Black Swan is a new film from director Darren Aronofsky, the man behind The Wrestler, The Fountain and Requiem for a Dream. Most of you might know the The Wrestler, the film behind Mickey Rourke’s comeback, but you people really into film will know of Aronofsky’s other work. And those who know his work are eagerly awaiting Black Swan.
Black Swan is a film that takes a hard look at competitive ballet and the intense steps and actions dancers take to make it in New York. In addition to this, Black Swan is also a psychological, suspense thriller about a woman losing her mind under the pressure of being perfect. Should they be two different movies and not one? Maybe.
Natalie Portman (Star Wars prequels, V for Vendetta) stars as Nina, a ballerina driven to perfection by herself and her mother (Barbara Hershey), a former dancer whose career didn’t take off. At first Nina is just a back up performer behind Winona Ryder, but when Thomas, the ballet troupe’s producer, decides they need a new show, Nina is picked as the Swan Queen. Thomas (played brilliantly by Vincent Cassel) is producing a re-imaging of Swan Lake and Nina will play both the White and Black Swans.
The pressure starts to build on Nina as her perfectionist habits make her a beautiful White Swan, but she lacks the sensual openness for the Black Swan. And when Lily (That 70′s Show’s Mila Kunis) arrives, Nina feels even more pressure as Lily is the better choice for the Black Swan and Thomas knows it. As the show nears closer to opening night, Nina’s madness increases and her paranoia starts to get the better of her. Thinking Lily is trying to steal her role as Swan Queen and that her mother treats her like a child, Nina spirals out and ultimately does what she thinks she needs to do to keep her role and be the perfect performer.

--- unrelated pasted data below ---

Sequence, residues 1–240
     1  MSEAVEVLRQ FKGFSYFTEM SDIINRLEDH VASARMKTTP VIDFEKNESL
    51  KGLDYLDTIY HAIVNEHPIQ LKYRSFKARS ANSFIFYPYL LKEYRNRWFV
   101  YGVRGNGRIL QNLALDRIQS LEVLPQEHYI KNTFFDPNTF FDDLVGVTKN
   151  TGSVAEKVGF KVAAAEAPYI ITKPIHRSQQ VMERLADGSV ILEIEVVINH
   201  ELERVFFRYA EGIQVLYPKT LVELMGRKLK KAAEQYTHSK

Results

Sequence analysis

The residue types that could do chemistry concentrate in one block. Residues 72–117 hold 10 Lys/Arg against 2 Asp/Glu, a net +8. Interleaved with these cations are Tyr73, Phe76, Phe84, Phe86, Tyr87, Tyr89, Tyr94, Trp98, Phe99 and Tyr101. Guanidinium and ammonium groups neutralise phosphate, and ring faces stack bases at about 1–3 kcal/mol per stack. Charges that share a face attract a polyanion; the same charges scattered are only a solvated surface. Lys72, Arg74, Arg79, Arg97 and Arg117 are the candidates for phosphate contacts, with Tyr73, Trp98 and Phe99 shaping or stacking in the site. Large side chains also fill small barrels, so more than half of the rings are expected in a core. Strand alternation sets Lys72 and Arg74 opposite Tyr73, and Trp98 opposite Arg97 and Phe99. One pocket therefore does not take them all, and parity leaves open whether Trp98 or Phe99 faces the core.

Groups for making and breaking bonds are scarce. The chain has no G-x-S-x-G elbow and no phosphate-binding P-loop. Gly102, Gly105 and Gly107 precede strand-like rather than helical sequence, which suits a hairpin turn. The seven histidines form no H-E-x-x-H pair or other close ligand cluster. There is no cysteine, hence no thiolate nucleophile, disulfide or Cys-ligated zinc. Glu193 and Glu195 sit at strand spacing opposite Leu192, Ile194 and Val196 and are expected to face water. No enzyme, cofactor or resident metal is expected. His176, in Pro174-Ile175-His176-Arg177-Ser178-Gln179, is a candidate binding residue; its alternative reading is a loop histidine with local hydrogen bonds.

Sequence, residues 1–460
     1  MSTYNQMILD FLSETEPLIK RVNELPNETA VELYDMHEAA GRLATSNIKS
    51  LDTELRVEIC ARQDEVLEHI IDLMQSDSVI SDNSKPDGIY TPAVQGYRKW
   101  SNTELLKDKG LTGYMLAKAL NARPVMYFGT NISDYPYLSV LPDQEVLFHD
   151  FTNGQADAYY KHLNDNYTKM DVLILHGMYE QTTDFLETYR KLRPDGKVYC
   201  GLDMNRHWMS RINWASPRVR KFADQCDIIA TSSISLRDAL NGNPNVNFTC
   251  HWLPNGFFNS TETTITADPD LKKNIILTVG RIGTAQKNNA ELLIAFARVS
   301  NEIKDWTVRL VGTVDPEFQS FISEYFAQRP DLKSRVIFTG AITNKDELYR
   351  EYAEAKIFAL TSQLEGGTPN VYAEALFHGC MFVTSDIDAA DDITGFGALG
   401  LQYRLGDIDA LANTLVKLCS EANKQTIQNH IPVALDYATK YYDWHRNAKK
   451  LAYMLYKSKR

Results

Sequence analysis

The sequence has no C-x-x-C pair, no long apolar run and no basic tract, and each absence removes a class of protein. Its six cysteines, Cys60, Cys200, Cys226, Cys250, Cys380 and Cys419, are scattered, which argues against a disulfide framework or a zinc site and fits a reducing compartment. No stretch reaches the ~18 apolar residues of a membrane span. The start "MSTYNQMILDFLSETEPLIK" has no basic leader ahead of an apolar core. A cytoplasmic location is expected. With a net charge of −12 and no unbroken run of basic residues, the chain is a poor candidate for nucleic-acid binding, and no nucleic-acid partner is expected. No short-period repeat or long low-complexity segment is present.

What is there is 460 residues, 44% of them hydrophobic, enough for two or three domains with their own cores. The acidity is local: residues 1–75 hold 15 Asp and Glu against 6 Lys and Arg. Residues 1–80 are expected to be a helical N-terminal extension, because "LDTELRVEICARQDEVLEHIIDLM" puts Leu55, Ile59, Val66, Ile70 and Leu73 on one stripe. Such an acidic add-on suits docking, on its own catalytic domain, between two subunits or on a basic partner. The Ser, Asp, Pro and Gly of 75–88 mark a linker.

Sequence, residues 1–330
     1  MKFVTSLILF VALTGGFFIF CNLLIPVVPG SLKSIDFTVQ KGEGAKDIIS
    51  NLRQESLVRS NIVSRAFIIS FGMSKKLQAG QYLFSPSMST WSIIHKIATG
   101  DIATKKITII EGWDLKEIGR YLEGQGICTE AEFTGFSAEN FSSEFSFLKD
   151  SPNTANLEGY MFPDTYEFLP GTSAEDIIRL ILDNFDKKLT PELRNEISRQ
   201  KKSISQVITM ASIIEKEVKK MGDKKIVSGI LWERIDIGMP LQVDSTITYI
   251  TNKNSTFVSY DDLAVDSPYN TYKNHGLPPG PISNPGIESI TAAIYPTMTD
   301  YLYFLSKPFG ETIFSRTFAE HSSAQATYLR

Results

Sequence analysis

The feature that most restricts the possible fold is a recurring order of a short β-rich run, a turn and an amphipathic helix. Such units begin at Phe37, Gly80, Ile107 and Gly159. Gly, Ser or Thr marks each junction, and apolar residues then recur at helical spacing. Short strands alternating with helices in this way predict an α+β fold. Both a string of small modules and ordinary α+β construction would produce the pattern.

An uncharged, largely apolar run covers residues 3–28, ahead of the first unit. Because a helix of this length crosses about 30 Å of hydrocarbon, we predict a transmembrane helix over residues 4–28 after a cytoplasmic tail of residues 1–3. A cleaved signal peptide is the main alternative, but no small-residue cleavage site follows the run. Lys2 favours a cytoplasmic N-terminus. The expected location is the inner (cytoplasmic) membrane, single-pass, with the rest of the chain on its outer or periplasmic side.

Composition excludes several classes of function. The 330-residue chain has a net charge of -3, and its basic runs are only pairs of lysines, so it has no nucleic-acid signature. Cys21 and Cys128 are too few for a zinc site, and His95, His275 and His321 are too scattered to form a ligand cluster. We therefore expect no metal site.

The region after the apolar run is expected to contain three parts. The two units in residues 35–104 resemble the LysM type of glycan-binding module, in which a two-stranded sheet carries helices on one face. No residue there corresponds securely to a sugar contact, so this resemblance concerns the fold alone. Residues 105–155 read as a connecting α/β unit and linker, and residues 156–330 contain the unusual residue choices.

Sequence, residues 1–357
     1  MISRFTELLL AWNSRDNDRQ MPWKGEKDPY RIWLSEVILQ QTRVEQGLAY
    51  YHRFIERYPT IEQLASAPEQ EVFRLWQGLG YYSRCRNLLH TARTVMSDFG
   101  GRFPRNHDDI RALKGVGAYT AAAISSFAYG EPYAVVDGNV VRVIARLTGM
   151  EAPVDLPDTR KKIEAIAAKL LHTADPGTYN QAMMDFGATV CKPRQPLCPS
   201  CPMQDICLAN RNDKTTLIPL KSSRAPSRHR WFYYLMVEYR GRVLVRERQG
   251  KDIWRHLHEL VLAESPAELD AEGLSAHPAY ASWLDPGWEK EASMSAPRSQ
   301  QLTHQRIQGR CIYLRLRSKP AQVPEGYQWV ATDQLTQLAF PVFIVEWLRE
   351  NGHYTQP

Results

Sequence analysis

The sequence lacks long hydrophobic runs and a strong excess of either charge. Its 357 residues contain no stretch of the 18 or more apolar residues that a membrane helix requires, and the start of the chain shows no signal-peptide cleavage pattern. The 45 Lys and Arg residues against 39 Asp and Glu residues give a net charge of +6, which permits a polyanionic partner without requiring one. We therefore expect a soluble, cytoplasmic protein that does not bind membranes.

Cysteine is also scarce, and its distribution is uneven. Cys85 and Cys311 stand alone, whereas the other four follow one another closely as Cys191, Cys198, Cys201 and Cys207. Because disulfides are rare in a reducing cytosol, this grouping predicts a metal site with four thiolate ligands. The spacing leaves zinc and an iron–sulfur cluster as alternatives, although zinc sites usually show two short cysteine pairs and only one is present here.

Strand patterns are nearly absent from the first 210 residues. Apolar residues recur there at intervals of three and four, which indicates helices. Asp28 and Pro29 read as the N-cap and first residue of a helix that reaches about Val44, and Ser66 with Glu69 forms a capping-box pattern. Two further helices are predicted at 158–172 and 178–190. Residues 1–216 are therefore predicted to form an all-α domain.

Black Swan is too well made to be bad. Natalie Portman gives a great performance and will surely receive Oscar buzz for it. Kunis is quite believable and Hershey plays a spot on ”Mom-ager”. It might have been two really good movies if seperated, one about competitive ballet and one about a perfectionist going insane, but Aronofsky paints a pretty picture even if the overall film is lacking, confusing or even weird for the sake of weird.
It’s sexual, thrilling, funny at times and somewhat captivating, but also odd and disturbing. The ballet scenes were beautifully shot and the tone and pacing added much to the film. Advertisements for it give some viewers an idea of the film that people who see the film will think differently of.
Like all Aronofsky films, you walk out of the theater unsure of quite a few things. There will be people who absolutely love the film. There will be people that hate it. It will be another film that people defend to the death and will go on many top 10 lists for 2010, but the general movie audience won’t love it. Many in attendance last night walked out with puzzling looks on their faces and the most popular description was “interesting”. Interesting is probably a good word to describe Black Swan, let’s go with that then.
Ken Murray also reviews for The Boston Movie Examiner, check out his reviews here.